EPISODE #2

Claire G. Coleman / Bill Gammage / Marcia Langton / Marjorie Main / Jennifer Mills

     

 

ON THE SHOW

In our April episode, Meanjin editor Jonathan Green chats with author Claire G. Coleman, historian Bill Gammage and anthropologist Marcia Langton about the historical and contemporary resonance of terra nullius. Each offers a different perspective on the colonial principle, discussing its devastating effects on Indigenous Australians and how the language we use reflects its influence today.
Next, Marjorie Main transports us to wintry waterways in her poem ‘The Creek’ (Meanjin Autumn 2018).
And author Jennifer Mills reads from her short story ‘Miracles’ (Meanjin Autumn 2017) before discussing the landscape of the short story form and the influence of climate change upon her current novel, Dyschronia, with Meanjin deputy editor Tess Smurthwaite.

 

OUR GUESTS


Marcia Langton

Professor MARCIA LANGTON AM PhD Macq U, BA (Hons) ANU, FASSA, has held the Foundation Chair of Australian Indigenous Studies at The University of Melbourne since February 2000. As an anthropologist and geographer, Professor Langton has made a significant contribution to government and non-government policy as well as to Indigenous studies at three universities. In 2016 Professor Langton was honoured as a University of Melbourne Redmond Barry Distinguished Professor.

Claire G. Coleman

CLAIRE G. COLEMAN is a Wirlomin Noongar woman whose ancestral country is in the south coast of Western Australia. In 2016 she was awarded a Black&Write Indigenous Writing Fellowship for a manuscript she wrote while travelling around Australia. Her novel Terra Nullius was published in September 2017 and was shortlisted for the 2018 Stella Prize.

Bill Gammage

BILL GAMMAGE is an Australian academic historian, Adjunct Professor and Senior Research Fellow at the Humanities Research Centre of the Australian National University. His book The Biggest Estate on Earth: How Aborigines Made Australia details how for over 40,000 years Indigenous people carefully shaped the land with complex systems of controlled burning.

Jennifer Mills

JENNIFER MILLS is an Australian novelist and short story writer. Her latest novel, Dyschronia, is published by Picador. She lives in South Australia.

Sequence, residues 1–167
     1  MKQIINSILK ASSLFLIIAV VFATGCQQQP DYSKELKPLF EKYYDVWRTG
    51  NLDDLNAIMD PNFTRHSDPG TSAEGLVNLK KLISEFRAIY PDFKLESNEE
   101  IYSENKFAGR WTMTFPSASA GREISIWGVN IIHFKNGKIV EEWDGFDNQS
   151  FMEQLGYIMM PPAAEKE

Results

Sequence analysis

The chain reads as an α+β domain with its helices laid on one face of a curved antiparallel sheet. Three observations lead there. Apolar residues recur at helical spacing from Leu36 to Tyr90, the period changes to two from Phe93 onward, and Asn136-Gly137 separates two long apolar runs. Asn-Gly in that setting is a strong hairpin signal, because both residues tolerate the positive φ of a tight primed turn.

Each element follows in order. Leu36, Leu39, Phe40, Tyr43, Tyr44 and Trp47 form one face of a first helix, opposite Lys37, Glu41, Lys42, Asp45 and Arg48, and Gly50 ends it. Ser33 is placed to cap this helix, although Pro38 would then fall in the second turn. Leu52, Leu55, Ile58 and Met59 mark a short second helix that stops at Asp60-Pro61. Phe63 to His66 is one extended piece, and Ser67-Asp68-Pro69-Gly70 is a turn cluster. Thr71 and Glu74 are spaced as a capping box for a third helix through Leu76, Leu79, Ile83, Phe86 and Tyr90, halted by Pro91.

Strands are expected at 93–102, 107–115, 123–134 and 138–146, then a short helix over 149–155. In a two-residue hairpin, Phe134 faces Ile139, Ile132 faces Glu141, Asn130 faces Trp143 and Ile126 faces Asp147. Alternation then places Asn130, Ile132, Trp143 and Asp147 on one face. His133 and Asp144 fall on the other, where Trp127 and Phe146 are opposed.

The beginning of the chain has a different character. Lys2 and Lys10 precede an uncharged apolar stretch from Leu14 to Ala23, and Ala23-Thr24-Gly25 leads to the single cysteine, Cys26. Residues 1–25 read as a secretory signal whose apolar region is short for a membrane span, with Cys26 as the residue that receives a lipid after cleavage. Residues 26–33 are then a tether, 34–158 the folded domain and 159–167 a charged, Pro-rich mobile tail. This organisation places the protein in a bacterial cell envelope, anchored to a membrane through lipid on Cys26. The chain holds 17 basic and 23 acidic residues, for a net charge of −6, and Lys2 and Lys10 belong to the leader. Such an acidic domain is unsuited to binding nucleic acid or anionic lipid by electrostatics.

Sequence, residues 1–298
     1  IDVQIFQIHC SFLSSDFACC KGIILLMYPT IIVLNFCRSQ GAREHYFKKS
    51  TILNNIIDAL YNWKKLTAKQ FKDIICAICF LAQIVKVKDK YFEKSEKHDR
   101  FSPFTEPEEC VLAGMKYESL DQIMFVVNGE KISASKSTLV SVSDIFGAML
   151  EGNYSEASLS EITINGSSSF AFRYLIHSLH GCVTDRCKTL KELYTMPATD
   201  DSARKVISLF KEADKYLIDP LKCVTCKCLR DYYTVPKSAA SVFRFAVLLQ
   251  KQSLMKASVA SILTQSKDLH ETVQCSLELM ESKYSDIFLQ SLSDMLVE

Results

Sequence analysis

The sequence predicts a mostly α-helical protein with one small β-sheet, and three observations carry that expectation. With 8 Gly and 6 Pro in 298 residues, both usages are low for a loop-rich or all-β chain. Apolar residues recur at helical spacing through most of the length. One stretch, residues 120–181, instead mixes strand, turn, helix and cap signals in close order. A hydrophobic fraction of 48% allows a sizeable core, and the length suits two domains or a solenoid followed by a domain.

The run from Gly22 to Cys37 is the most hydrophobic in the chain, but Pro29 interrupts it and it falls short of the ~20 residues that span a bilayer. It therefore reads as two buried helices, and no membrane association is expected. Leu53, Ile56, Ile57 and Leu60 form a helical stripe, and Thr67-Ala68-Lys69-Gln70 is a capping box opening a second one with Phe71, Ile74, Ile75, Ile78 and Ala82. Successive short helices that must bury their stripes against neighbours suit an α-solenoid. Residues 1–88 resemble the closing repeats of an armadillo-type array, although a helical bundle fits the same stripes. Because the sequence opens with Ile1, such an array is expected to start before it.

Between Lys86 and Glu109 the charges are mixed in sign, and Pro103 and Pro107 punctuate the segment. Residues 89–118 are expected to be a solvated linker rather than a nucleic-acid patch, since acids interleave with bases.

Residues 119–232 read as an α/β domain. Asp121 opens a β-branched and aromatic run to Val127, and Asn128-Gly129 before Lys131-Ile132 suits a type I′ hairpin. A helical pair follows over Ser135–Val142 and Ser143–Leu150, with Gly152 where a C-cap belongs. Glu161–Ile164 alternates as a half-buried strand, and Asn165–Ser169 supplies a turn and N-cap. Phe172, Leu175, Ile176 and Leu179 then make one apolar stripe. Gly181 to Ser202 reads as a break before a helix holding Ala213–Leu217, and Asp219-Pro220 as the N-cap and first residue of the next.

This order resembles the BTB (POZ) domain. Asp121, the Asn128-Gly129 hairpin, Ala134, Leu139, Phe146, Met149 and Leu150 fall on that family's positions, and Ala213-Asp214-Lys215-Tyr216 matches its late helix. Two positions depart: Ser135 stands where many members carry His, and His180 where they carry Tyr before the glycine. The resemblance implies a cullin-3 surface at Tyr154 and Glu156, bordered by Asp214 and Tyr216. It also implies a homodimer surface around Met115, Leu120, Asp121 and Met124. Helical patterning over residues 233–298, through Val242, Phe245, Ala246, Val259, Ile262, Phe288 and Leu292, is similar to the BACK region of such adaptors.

Marjorie Main

MARJORIE MAIN is from Torbay, WA, and lives in Melbourne. In 2017 her poem ‘The Ways’ was shortlisted for the Montreal Poetry Prize; others have appeared in Westerly and Rabbit.

 

 

 

 

 

 

 

 

 

 

 

 

 

EPISODE #1

Michael Mohammed Ahmad / Clementine Ford / Lauren Rosewarne / Celeste Liddle / Belinda Rule

     

 

In the March episode of the revived Meanjin podcast, SWEATSHOP director and author Michael Mohammed Ahmad reads from his short story ‘No Toes’ (from Meanjin Spring 2017) and discusses the themes of toxic masculinity and the culture of Western Sydney’s Punchbowl High School with Meanjin editor Jonathan Green.
Poet Belinda Rule transports us to the stark and beautiful tableaus of construction which surround us in her poem ‘Industry, Melbourne‘ (from Meanjin Autumn 2018).
And a panel featuring three of Australia’s most prominent feminist thinkers—Clementine Ford, Celeste Liddle and Lauren Rosewarne—gets to the heart of the questions posed by the #MeToo movement: why now, what next, and how can we best harness this momentum for intersectional possibilities?

 

OUR GUESTS


Michael Mohammed Ahmad

MICHAEL MOHAMMED AHMAD is an Arab-Australian writer, editor, teacher and community arts worker. He is the founder and director of SWEATSHOP, a literacy movement in Western Sydney devoted to empowering culturally and linguistically diverse artists through creative writing. Mohammed’s essays and short stories have appeared in the Sydney Review of Books, The Guardian, Heat, Seizure, The Lifted Brow, The Australian and Coming of Age: Australian Muslim Stories.

Clementine Ford

CLEMENTINE FORD is a Melbourne-based writer, speaker and author of the best-selling book Fight Like A Girl. Her follow up, Boys Will Be Boys, will be published in October 2018.

Lauren Rosewarne

LAUREN ROSEWARNE is a Senior Lecturer at the University of Melbourne. She is the author of nine books and co-hosts ‘Stop Everything!’ on Radio National.

Celeste Liddle

CELESTE LIDDLE is an Arrernte woman, an opinion writer, a trade unionist and public speaker. Currently serving as the National Aboriginal and Torres Strait Islander Organiser of the National Tertiary Education Union, Celeste started her blog Rantings of an Aboriginal Feministin June 2012. A mere six weeks after she started it, Celeste had a piece picked up for publication by Daily Life and since then has written for a number of publications.

Belinda Rule

BELINDA RULE is a Melbourne-based writer and poet who has published extensively in Australian journals and anthologies.

 

 

 

M
Do NOT follow this link or you will be banned from the site!